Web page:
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Isol, Award Ceremony photos


As a brief leave from my paternity leave, I have been following this year’s winner of the Astrid Lindgren Memorial Award (ALMA), Isol from Argentina, the last week here in Stockholm. She has been busy attending the Award Week which ended yesterday with the big ceremony at the Concert House where Crown Princess Victoria presented her with the framed award.

My assignment have been very varied, starting with publicity portraits of Isol, later documenting a workshop, a lecture and a book event. My client, the award office, has recieved same day deliveries of all the photos, so my work is done for this year.


This is my fifth year working for ALMA, so I have some experience on how to do it. The most important part of the evenening is the brief photo shoot I will have with the winner together with the Crown Princess and the Minister of Culture.


Just minutes before the award ceremony is over and the guests are leaving the Concert House, I get, together with one or two other photographers, a couple of minutes with the celebrities trying to get a decent group shot.

We do it in the same corridor every year and it is mostly a matter of shooting a lot of pictures, as many as I can, so I can get at least one where they all look in the same directions with their eyes open and hopefully with a smile.

I have found that the safest way to do that is to attach a Speedlight and just let the camera, AF and TTL do the rest. It is not really the right place or time to create something spectacular, not getting a useful group portrait is not an option.


The ceremony itself is often a mix of speeches, visual presentations and music. Me and the other photographers covering the event for Swedish and international media are sitting on the balcony quite far away from the stage.

For that part I used a Nikon D800 and a 70-200/2.8 VRII, being the official photographer I get a good seat with something to rest my camera on in front of me, so I don’t have to bring a tripod.


It is very dark in the large hall, and the lighting varies a bit depending on what happens on stage. I usually take a few test shots and set the camera to manual exposure so I can easily process the photos in Lightroom with the same settings. This year I brought a laptop so I could deliver a few photos right after the ceremony and the group portrait was shot.


During the ceremony, there is a lot of time it seems, so when I feel that I have what I need from each part of the programme, I try to find something more creative. I can’t remember who said it, but trying not to shoot the same photo over and over again when you feel that you already have it is a waste of time.

The first time I did this assignment, I came home with a lot of photos that I had to go through to find the ones I felt I could deliver. Now I try to delete as much as I can in the camera and that saves a lot of time.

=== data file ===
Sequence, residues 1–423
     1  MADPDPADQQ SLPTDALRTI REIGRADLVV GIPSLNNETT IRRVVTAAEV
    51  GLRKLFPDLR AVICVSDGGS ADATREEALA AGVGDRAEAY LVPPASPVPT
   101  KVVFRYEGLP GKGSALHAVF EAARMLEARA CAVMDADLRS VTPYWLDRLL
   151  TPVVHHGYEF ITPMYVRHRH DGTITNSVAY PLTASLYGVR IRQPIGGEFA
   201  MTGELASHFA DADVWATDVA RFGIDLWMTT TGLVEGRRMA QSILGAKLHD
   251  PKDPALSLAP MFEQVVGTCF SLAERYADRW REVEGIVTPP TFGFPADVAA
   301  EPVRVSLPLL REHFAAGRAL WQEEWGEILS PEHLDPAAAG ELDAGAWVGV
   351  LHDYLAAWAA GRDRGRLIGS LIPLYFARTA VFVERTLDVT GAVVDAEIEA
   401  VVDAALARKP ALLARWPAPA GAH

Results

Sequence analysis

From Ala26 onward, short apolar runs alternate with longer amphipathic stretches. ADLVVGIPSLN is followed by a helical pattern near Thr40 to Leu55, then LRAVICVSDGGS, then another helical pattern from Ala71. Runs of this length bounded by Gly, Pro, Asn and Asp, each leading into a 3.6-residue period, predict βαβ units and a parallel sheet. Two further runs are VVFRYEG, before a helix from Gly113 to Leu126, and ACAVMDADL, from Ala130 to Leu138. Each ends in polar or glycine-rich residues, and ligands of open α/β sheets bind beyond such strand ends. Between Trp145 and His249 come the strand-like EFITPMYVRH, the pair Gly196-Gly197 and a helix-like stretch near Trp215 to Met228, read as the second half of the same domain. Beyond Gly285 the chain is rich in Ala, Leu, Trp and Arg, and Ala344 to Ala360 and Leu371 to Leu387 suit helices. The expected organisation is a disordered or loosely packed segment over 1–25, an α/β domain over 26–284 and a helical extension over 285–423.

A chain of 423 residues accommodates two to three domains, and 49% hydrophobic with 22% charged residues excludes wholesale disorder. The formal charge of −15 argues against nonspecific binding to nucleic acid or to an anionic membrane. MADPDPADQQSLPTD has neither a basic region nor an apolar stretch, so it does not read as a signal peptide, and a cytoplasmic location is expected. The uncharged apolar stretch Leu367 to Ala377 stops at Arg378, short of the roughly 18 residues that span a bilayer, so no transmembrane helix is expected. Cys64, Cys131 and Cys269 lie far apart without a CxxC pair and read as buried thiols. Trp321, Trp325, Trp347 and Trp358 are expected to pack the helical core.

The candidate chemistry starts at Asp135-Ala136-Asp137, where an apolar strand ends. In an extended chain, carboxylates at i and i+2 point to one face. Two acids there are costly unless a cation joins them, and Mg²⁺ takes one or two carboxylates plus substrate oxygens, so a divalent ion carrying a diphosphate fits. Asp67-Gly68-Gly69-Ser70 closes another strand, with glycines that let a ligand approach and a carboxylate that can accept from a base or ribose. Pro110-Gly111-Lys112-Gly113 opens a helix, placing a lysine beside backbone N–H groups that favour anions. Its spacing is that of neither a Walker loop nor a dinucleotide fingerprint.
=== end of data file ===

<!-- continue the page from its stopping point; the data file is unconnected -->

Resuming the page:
A lot has happened during these five years I have been doing this, the first year I think I used a 12MP Nikon D2X with a 80-200/2.8. Sure, the crop factor of the DX sensor did come in handy, but the relatively small files and the bad ISO performance compared to the D800/D600 I used now makes a lot of difference.

Now I can crop any file really hard and still have a high resolution file that is fit to print in large sizes. Not to mention that VR is nice if I need it, and also the noise levels at higher ISO is a lot better. But I still try to keep it as maximum 400 if I can.


After the ceremony I processed a few photos in Lightroom and sent to my client, minutes later they used them on the web site, blog and in their image bank.

I still had to go through the laptop, one press photographer beside me sent directly via a pocket sized 4G router and a transmitter on his camera. It looked very handy, but I guess I wouldn’t have much use for that kind of equipment so I think I will keep my laptop a while longer.


I don’t think of the technological advances much when I work ordinary days, but on events like this it is evident how fast things are changing. Many clients wants photos as soon as possible to publish directly, and “as soon as possible” is not the same as it was a couple of years ago.


In the same way, many things are getting better when speaking of size. Just to be on the safe side, I brought both a D800 and a D600, you wouldn’t want your camera breaking at the wrong moment without a backup.

But I also brought my Fuji X100s to test it a bit, and I think it is going to be a good extra camera to have in my camera bag on every assignment. The last photo above is from the Fuji, producing files in almost the same size as the D600, and at least as sharp and useful.

And that was that, now I can get back to trying to keep the twins from banging toys in each others heads, and later start working with new blog posts on studio lighting and other subjects again.

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